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# The square of a prime number is prime.A.TrueB.FalseC.Data insufficientD.None

Last updated date: 09th Aug 2024
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Hint: We will use the definition of prime numbers to prove this question. Once we state the definition of what prime numbers are, we will generalise it for the square of prime numbers. Then, we will see how many factors the square of prime numbers contains so as to know if we can include it in the category of prime numbers or not .

We need to check the given statement if true or not.
The statement is: The square of a prime number is prime.
Let us recall the definition of prime numbers. According to the definition, a prime number is a number which is only divisible by 1 and the number itself. Prime numbers are not divisible by any other number except those two (1 and itself).
Now, considering the square of the prime numbers, let us say a number m is a prime number. Therefore, its square will be $m^2$ .
Let us suppose $m^2$ is a prime number.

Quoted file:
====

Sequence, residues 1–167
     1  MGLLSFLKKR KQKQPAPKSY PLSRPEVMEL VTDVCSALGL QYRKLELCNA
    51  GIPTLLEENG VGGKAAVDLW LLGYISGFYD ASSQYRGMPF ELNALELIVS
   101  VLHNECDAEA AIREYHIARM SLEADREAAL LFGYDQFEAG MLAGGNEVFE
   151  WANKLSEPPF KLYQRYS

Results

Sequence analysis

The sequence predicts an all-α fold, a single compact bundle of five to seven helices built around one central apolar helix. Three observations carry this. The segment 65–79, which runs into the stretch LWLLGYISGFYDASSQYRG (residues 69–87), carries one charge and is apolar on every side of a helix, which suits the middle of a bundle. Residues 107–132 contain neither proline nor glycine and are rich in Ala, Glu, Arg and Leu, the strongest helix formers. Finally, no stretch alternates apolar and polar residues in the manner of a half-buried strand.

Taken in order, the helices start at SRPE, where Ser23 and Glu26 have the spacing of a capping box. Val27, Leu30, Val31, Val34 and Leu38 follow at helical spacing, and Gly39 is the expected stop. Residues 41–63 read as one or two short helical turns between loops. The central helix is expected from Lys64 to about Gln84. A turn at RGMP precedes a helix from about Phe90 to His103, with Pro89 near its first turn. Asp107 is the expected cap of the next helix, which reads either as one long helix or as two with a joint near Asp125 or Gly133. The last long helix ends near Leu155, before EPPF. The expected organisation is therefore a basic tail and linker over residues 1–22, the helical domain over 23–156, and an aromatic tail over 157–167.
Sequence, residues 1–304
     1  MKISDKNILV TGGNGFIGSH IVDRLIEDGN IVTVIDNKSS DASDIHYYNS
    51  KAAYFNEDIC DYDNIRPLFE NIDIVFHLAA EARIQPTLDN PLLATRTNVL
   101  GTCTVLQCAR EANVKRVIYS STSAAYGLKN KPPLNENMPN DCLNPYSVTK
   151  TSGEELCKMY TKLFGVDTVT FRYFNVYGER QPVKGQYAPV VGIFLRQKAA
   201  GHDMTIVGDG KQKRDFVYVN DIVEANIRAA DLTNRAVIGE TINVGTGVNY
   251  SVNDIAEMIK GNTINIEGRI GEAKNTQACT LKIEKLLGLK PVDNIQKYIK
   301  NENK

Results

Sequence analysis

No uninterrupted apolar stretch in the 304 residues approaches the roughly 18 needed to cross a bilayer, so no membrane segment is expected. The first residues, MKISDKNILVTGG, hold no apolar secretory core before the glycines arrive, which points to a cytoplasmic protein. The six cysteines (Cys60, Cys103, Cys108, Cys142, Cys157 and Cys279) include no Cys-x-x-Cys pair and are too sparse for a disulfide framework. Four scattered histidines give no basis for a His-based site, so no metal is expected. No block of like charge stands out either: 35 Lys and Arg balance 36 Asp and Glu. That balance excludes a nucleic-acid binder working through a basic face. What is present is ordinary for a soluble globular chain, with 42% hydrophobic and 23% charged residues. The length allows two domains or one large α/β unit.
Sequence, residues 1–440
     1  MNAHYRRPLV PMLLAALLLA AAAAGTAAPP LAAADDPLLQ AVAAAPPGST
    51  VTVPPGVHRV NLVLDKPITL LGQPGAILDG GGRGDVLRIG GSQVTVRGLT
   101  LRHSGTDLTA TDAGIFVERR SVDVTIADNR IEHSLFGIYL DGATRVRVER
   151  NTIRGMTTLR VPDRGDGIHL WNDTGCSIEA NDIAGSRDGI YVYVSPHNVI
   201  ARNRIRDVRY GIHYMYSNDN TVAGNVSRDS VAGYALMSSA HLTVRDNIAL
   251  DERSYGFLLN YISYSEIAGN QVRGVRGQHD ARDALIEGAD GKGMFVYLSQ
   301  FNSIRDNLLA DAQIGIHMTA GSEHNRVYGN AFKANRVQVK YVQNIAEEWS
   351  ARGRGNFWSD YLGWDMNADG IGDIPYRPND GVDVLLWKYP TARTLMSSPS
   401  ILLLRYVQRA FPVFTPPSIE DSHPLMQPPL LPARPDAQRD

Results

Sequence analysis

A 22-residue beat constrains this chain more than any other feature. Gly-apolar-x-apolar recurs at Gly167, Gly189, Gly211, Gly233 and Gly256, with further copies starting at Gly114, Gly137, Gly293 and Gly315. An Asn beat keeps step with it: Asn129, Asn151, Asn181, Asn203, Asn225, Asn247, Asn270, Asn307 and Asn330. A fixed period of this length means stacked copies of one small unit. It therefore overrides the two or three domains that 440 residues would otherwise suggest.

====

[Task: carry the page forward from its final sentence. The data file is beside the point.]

For $m^2$ to be a prime number, according to definition, it must contain only 2 factors i. e., 1 and $m^2$ .
But $m^2$ can also be written as mxm which makes m a factor of $m^2$ as well.
So, we get 3 factors of $m^2$ in total i.e., 1, m and $m^2$.
Hence, our assumption is wrong that the square of a prime number is also a prime number.
Therefore, we can say, by contradiction, that $m^2$ is not a prime number.

Option(B) is correct.

Note: In such questions where we are given a statement to justify whether true or false, we should first prove it by any method i.e., either by assumption or direct substitution to check if the given statement holds for every value or not.
For example take the number as 3 square will be 9 . Here 3 is a prime number but 9 is not a prime number.